Cover Image_David Karla Flickr 4

Two years ago on a hot June night in North Kansas City, volunteers and bike advocates gathered on the shop floor of a giant warehouse with stacks of boxes at the back. As the volunteers mingled preparing for the task ahead, Eric Bunch, Sarah Shipley, and Eric Rogers, co-founders of BikeWalkKC, gathered the crowd to inform them of the unique task at hand. Their vision was bold: to transform one of the worst cities for biking into the one of the greatest with a world-class bike share as the catalyst. The goal of the bike share was to construct 90 bicycles that would be part of the new bike share system that would be launching later that year. All of the volunteers were eager to help and after two successful nights all 90 bikes were ready to hit the streets of Kansas City for their debut. It was a story I covered on This Big City  about the amazing power that a local community can have on transforming a city.

A lot has happened in Kansas City since those first 90 bikes were built. A city once devoid of bike lanes is now seeing the construction of the new streetcar line with the second phase being planned and urban pop-up events such as Cyclovia and BetterBlock having shown city leaders the potential of what a revitalized Kansas City can become with sustainable transportation. City plans that call for bike lanes are either being considered for implementation or have already been painted in. There is incredible optimism in the air, in part, thanks to the leadership of BikeWalkKC and the change that the B-cycle Bike Share program has had on the city. With over 9,500 trips in the past two years, B-cycle users have traveled over 30,000 miles offsetting 30,000 pounds of carbon. The bike share has been instrumental in providing local groups with bicycles for tours and sponsoring bike events like the local Tour de Bier that continues to build Kansas City’s bicycle culture. The success of the bike share system now has BikeWalkKC expanding the bike share network to the neighborhoods surrounding downtown Kansas City.

The expansion comes from BikeWalkKC’s early business plan, developed with their sponsor Blue Cross Blue Shield of Kansas City, two years ago to ensure that the bike share would be able to sustain itself. “B-cycle has chosen to expand now to make the most of a resurgent Kansas City.” says Sarah Shipley, “Bike share has played a big part in recent revitalization in Minneapolis, Chicago, and elsewhere, where it has filled in a gap in local transportation networks: Bike share is for those situations when we need something more convenient than driving and finding parking but faster than walking or taking the bus. B-cycle wants to ensure this benefit comes to neighborhoods, not just the big entertainment districts.” BikeWalkKC has already received federal funding for seven new bike share stations for the southern neighborhoods of Kansas City, one station sponsored by the local philanthropic Kauffman Foundation, and another station is being sponsored by the Nelson-Atkins Museum of Art. These funded bike share stations will help provide much needed bike share stations to the growing neighborhoods south of downtown Kansas City, but BikeWalkKC decided not to stop here. BikeWalkKC had the audacious goal to launch the largest civic crowd-funding to date to bring even more stations to the surrounding neighborhoods of Kansas City.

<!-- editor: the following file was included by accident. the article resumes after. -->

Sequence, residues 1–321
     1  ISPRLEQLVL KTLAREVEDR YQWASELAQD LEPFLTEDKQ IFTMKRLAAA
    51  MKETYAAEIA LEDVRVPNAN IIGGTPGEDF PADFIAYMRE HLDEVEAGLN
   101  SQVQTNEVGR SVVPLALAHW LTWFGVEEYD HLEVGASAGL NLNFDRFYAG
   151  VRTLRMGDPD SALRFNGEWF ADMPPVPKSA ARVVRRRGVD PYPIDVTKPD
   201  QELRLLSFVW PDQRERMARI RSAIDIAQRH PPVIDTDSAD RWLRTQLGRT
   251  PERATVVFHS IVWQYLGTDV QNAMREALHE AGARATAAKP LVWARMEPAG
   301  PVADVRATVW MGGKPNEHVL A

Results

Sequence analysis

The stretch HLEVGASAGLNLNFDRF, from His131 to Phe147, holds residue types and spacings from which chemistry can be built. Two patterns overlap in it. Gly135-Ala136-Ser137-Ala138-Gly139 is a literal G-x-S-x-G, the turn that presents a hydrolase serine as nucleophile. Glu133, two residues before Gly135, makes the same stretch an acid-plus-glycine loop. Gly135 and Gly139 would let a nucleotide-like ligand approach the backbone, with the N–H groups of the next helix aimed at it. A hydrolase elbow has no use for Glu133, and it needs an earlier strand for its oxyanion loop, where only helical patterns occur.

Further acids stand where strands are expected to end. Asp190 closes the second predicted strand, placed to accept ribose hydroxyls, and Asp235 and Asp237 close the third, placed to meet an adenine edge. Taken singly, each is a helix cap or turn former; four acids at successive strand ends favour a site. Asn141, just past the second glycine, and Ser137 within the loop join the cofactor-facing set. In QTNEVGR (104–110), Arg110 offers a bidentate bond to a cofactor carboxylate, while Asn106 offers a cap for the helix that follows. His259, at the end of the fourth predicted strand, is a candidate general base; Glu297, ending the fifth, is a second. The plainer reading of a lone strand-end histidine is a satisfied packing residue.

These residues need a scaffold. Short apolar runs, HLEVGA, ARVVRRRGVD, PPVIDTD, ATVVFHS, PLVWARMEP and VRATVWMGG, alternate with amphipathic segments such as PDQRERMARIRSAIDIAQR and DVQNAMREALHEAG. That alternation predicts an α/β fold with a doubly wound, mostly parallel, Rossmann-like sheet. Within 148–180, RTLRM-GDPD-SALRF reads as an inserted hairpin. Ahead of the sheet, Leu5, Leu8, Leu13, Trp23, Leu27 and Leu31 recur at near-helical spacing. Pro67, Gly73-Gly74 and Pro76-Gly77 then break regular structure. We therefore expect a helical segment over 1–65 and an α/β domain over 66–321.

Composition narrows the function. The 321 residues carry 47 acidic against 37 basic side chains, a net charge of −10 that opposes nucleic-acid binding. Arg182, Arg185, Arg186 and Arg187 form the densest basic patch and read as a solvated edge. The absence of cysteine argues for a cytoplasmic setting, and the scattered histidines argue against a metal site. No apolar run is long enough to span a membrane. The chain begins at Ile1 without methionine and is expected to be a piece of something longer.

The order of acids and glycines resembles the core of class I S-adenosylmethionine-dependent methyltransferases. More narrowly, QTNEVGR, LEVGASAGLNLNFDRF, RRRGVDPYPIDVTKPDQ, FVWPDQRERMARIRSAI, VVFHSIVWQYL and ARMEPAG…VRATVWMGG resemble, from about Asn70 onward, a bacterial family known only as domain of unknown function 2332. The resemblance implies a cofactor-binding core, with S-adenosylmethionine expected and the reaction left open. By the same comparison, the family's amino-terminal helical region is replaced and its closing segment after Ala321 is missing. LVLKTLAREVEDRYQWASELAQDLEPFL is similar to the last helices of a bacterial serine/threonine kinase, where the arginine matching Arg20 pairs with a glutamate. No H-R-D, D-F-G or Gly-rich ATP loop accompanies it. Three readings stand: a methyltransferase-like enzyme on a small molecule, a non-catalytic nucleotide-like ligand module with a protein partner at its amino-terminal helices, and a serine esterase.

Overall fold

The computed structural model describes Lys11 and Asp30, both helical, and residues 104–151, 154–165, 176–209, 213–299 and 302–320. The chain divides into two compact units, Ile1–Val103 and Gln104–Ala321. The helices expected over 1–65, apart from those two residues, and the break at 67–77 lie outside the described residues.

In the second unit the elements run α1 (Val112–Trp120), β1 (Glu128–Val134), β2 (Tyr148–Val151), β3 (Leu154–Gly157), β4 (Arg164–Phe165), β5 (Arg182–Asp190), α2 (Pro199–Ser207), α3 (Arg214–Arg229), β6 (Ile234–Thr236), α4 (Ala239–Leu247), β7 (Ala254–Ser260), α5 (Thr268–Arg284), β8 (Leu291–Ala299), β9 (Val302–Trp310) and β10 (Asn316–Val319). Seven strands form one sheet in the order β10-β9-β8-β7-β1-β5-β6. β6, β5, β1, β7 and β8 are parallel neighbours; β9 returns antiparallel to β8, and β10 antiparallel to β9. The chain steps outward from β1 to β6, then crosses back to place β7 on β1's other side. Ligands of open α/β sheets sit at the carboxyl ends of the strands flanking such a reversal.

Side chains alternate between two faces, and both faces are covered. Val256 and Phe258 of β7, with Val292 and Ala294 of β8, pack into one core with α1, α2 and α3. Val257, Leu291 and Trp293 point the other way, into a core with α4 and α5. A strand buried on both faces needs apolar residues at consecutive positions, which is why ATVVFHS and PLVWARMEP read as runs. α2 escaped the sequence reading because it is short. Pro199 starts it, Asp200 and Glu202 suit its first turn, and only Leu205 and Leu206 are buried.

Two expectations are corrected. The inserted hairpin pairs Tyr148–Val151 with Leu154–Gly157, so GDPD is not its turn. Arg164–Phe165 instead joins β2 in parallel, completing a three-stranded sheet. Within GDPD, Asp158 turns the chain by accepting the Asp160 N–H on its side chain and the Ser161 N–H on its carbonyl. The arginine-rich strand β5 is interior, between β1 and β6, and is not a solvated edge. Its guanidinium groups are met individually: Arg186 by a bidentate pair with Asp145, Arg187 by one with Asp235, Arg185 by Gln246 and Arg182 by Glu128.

kcbcycle-gps

This heat map shows the bicycle trips taken in Kansas City over the last two years. Also in video form below. 

For this ground-breaking campaign, BikeWalkKC turned to long-time friend and local tech start-up Neighbor.ly. Neighbor.ly was developed as a crowd-funding site specifically designed to help support civic projects and community initiatives. “Unlike most bike share systems around the world, Kansas City B-cycle is locally owned and operated. We would like to keep it that way. That’s why we’ve turned to the community to raise funds for our expansion.” Sarah Shipley noted on why B-cycle choose to launch a campaign on Neighbor.ly. The campaign will fund additional bike share stations for other neighborhoods such as Westside, the historic Brookside neighborhood to the south, and the historic Jazz District of 18th and Vine. If the campaign is successful, this will be the largest civic crowdfunded project to date and radically transform Kansas City’s public transportation infrastructure.

Each neighborhood has its own page under the master campaign. This is in part to a strategy BikeWalkKC has implemented since the beginning of the bike share operation. When the first 90 bicycles hit the streets, they were equipped with a GPS to track the bike’s movement and location through the city. While helping prevents thefts, its main intent was to track where the most demand for new stations would be in the future. Tracking a year’s worth of data revealed key nodes where people would often travel to that did not have bike share stations and those locations were integrated as a part of the campaign.

The individual pages for each location also allow for the various neighborhoods to develop their own campaigns within their communities to bring civic infrastructure to their location. “In this way, everyone has a little piece of the pie…When all of this is over, when we have our bike-share system, we’ll have worked for this as a community” says Sarah Shipley. It is this community aspect that BikeWalkKC takes great pride in and is reflected in the support the community has for its bike share.

You can check out the progress of the campaign on BikeWalkKC’s page on Neighbor.ly. With about a month left in the campaign, BikeWalkKC still has a way to go but the future looks bright.